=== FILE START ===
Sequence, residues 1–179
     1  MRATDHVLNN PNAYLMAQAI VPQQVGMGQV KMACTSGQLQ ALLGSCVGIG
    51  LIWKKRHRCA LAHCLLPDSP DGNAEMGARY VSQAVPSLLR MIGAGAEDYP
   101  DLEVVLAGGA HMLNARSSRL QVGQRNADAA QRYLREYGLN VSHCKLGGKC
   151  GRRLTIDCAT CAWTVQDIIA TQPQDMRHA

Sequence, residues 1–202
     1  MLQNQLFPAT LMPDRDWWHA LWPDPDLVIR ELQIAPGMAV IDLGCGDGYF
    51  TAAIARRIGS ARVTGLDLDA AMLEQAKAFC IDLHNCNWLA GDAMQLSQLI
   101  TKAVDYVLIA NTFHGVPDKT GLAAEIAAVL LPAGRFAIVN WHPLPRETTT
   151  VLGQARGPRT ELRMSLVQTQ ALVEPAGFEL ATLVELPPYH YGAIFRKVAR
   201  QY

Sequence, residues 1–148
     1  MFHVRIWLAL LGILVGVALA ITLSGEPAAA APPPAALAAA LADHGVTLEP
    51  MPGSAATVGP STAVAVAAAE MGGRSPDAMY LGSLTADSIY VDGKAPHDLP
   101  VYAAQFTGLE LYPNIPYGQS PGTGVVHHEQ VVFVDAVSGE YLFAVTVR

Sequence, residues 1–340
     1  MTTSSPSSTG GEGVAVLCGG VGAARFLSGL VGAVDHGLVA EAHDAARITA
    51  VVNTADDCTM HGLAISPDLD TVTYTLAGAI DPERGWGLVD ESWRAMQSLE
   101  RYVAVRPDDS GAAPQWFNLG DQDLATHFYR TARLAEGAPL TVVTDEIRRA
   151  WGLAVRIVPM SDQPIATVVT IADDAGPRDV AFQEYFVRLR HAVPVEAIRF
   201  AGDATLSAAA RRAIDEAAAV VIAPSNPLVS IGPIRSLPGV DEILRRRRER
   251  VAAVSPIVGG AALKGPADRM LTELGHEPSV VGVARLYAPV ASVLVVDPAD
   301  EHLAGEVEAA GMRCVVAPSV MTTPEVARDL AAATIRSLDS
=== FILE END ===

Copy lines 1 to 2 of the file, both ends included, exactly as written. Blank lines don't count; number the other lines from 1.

Sequence, residues 1–179
     1  MRATDHVLNN PNAYLMAQAI VPQQVGMGQV KMACTSGQLQ ALLGSCVGIG